The Lord Wallace of Tankerness recently took office as Moderator of the General Assembly of the Church of Scotland, having previously served as Liberal Democrat Chief Whip in the House of Commons, Deputy Leader of the House of Lords and Acting First Minister of Scotland. Today I attended a virtual interview that he gave for the Lawyers’ Christian Fellowship.
Not being a lawyer, a Christian or a Scot but merely an Eventbrite-addict, I wondered if I might be asked to introduce myself and then induce some confused looks from the others, but thankfully that did not occur. At the end of the prepared questions the host (Janys M. Scott) opened the floor to other attendees, and I asked his lordship:
As someone who has been a senior figure in both Holyrood and Westminster, what would you say are the main differences – if there are any – between how England and Scotland involve religion in politics and public life?
Wallace said that in both parliaments he knew practicing Christians who brought their faith into their work and it would be wrong to suggest that one had a higher religious standing than the other. In the House of Commons it was sometimes more formalised: Every day would begin with Psalm 67 followed by the same prayers. The only change during his tenure as an MP was that following her divorce the Princess of Wales was omitted from the prayer, though Wallace and others believed that this was the time at which she would have needed divine assistance more than ever. He believed that the “time for reflection” in the Scottish Parliament, which as always faith-based but not always Christian, was more personally useful. In particular he felt there had been “something missing” in the way that after John Smith’s death the daily prayers had not made any reference to him or his family.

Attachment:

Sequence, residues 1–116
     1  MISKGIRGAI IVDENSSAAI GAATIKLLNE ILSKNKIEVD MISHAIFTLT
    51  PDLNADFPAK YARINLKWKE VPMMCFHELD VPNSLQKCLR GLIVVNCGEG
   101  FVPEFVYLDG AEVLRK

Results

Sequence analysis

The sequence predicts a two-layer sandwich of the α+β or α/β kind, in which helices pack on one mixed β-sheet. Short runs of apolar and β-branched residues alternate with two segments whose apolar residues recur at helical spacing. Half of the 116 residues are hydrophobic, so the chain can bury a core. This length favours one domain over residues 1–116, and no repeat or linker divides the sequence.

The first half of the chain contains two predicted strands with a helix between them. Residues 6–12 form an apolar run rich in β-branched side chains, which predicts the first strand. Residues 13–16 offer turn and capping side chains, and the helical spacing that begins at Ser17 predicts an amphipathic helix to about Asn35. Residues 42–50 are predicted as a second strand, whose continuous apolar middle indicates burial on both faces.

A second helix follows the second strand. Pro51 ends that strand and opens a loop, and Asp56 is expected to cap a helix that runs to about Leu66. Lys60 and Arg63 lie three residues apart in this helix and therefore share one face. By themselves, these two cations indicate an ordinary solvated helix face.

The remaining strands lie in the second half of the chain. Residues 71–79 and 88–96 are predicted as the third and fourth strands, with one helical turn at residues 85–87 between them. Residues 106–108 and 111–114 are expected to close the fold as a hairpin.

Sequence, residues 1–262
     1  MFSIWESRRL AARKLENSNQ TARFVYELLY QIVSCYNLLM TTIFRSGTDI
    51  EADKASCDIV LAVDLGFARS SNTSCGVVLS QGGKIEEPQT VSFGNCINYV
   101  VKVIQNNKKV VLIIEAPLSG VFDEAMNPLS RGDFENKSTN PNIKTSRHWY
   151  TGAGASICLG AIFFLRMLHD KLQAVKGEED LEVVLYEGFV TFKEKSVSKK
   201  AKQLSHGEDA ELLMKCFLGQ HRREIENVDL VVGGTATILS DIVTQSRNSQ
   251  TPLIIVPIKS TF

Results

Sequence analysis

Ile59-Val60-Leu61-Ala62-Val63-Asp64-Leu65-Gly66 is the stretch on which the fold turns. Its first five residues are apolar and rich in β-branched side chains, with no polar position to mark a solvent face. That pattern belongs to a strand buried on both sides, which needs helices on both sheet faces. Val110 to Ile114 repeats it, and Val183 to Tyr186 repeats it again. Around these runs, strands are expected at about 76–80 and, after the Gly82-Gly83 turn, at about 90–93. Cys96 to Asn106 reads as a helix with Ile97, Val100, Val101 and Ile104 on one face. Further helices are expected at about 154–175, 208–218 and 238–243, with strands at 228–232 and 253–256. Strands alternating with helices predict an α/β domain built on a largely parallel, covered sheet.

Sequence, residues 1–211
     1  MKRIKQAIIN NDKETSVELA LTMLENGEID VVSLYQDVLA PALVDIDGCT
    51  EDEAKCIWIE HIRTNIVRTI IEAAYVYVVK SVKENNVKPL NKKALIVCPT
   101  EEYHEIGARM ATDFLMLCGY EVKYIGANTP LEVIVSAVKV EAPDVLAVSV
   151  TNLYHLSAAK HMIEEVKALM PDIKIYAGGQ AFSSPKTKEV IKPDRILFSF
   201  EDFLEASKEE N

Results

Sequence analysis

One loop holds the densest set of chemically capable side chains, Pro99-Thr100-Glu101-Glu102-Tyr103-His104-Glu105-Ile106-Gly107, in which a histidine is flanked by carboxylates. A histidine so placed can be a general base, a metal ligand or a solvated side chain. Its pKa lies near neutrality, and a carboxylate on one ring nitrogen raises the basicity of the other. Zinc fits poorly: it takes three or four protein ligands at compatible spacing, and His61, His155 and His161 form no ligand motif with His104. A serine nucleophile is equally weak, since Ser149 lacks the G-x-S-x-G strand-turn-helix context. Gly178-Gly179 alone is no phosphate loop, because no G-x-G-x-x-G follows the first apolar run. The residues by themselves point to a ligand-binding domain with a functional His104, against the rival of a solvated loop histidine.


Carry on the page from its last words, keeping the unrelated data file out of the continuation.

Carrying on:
The session concluded with Wallace himself reading a prayer. I was grateful for the non-functionality of my own webcam as it spared me from the awkwardness of working whether it was appropriate to bow at that point, or indeed to wave at the other participants. I also attempted yet again to plug this blog in the chat box just before the connection terminated, though its relevance to this group was rather less obvious than to the heraldists with whom I more frequently congregate.
During the course of the session I looked through the list of other guests and found, as one would expect, many prominent representatives of the Scottish legal profession. The name that stuck out most obviously was Brian Gill, former President of the Court of Session, whose Wikipedia page I had only last month graced with a photograph.